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Profile: Amy

Amy, a 31-year-old graphic designer, is exactly the type of American that privatizers would like to recruit. She’s young, earns a decent salary, believes in the long-term prospects of the stock market, and is actively involved in her own retirement planning.

Amy contributes 10 percent of her pre-tax salary to a 401(k) at work, puts away the maximum she can into a Roth IRA every year, buys stock directly through an online brokerage, and is even involved in a stock investing club in her community.

Yet she firmly believes in preserving Social Security as a social insurance program with a guaranteed, lifetime benefit.

“Private accounts are a horrible idea for Social Security. As someone who’s heavily invested in the stock market and will likely never work at a job with an old-fashioned [defined benefit] pension, I don’t need another opportunity to take on more personal risk in my investments. I have plenty of exposure, opportunity, and risk in my 401(k), my IRAs, and my direct stock investments. Instead, I need a baseline of protection that I can’t outlive, that I can’t lose to poor investments, and that I know will be adjusted for inflation in my retirement years.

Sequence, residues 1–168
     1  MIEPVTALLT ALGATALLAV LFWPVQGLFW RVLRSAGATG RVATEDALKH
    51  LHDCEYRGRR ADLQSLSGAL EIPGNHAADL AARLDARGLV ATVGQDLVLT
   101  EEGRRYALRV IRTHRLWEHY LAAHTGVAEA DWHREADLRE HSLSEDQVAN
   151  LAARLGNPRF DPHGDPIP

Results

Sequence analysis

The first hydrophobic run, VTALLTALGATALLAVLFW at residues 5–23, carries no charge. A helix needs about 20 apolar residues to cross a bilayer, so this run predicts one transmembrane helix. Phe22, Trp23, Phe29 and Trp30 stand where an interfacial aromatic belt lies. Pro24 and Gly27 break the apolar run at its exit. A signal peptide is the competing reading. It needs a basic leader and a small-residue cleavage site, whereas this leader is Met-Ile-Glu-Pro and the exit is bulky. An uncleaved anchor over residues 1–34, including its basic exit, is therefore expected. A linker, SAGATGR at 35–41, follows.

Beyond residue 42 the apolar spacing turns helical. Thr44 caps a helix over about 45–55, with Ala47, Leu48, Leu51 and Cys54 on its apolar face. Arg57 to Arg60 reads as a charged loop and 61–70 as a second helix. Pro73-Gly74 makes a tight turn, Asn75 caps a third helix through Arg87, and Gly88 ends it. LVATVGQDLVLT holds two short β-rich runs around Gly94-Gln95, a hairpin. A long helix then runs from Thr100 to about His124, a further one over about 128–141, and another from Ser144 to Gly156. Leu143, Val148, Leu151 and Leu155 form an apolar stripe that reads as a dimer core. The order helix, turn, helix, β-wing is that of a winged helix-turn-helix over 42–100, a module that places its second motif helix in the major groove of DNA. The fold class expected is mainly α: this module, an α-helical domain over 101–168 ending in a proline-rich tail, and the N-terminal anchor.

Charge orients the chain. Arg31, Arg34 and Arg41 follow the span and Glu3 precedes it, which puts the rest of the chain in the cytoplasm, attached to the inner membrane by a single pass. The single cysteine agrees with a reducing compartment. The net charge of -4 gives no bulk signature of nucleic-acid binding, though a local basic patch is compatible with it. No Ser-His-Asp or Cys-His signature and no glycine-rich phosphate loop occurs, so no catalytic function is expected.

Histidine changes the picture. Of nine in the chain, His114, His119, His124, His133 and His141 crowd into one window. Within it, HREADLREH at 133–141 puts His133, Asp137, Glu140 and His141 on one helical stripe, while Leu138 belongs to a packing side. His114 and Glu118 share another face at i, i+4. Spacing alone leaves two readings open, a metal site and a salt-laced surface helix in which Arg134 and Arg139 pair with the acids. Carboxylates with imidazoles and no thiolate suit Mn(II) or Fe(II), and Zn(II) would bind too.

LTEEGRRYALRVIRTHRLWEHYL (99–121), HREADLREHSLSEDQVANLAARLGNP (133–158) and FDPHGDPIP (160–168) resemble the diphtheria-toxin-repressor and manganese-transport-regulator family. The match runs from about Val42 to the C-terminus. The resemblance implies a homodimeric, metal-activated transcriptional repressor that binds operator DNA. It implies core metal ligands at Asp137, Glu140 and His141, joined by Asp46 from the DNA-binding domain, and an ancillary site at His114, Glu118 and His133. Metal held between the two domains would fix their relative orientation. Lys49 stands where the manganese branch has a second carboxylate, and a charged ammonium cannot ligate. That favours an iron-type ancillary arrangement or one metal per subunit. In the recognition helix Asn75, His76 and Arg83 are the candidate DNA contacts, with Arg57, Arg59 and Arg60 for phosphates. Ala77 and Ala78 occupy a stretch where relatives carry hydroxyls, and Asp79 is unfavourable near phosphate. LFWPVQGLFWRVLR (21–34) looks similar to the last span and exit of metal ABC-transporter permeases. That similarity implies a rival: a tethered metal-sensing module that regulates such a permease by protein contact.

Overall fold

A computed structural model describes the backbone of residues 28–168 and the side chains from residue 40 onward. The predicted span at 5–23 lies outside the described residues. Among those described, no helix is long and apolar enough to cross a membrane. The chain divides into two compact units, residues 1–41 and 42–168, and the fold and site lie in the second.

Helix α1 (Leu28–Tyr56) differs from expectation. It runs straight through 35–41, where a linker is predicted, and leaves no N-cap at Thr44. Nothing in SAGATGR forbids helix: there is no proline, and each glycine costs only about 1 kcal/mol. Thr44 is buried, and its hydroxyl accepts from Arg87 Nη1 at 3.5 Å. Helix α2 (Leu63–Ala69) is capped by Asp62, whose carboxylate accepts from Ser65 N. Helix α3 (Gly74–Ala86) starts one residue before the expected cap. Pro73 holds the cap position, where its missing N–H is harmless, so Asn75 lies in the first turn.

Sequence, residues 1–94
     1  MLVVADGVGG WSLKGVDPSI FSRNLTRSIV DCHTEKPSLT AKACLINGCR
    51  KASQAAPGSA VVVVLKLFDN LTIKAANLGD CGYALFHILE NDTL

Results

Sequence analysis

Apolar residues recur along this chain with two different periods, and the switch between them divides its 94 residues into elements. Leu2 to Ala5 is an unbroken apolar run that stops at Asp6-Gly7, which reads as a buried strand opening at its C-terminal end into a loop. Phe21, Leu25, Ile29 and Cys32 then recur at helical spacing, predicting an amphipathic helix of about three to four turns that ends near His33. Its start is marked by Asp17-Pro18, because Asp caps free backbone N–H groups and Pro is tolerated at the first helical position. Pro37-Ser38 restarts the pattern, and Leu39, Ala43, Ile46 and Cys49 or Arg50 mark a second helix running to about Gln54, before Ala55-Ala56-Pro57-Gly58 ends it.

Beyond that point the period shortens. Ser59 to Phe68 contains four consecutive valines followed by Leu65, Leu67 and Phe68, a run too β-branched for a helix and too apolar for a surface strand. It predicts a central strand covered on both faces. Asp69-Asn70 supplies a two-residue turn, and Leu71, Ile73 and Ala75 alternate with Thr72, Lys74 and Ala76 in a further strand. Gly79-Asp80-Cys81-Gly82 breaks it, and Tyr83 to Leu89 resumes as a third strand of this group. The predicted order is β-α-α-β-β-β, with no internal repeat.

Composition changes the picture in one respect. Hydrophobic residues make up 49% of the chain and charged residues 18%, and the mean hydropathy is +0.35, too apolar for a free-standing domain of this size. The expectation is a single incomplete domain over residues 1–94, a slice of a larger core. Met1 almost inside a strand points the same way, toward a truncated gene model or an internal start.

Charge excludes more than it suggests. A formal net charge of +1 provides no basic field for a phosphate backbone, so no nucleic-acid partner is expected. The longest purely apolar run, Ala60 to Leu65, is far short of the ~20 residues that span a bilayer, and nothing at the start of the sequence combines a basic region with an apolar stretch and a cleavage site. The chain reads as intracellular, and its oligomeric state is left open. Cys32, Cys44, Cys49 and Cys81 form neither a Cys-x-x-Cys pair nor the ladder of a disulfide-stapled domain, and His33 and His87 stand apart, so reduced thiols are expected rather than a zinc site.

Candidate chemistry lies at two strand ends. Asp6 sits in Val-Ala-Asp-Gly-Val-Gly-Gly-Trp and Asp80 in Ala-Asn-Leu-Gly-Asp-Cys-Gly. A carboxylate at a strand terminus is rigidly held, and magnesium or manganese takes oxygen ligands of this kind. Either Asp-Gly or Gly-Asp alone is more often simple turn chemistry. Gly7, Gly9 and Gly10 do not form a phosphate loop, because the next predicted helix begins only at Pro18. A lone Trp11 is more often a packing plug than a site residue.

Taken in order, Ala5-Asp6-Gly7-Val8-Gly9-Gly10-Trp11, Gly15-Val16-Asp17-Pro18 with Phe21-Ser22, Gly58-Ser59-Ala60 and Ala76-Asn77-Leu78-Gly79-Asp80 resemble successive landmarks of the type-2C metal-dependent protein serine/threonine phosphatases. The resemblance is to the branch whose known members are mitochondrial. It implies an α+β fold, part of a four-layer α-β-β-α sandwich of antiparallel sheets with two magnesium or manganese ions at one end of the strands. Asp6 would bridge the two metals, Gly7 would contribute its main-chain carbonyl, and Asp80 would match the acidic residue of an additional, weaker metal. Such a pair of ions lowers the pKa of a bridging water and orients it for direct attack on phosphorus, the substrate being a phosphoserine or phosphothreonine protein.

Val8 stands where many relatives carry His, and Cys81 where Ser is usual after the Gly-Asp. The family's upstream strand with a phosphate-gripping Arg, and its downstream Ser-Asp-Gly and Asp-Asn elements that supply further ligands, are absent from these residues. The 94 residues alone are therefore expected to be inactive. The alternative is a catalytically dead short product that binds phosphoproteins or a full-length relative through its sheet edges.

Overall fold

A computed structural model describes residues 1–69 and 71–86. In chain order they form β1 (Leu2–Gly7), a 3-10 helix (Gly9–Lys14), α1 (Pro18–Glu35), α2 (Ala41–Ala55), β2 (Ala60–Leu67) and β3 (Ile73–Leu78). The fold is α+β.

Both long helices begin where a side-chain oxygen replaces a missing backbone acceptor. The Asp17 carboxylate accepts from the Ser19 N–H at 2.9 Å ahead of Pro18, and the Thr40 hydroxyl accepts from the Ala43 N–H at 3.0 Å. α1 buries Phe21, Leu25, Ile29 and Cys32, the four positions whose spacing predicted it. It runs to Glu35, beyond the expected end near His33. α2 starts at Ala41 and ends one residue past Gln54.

“Plus, I like the concept of collective social insurance—I know my parents, my partner’s parents, and so many elders in our society can rely on it for a baseline of retirement benefits, which in turn makes my life more financially secure. Also, the disability protections are particularly valuable to me, given my age and my dependence on my paycheck.

“The only thing I don’t like about Social Security is the fact that, as part of a lesbian couple, my partner would not be eligible for any benefits based on my earnings should I die before she does, should she become a caregiver to our (future) children, or should I become disabled. I hope this discriminatory approach can be rectified soon.”

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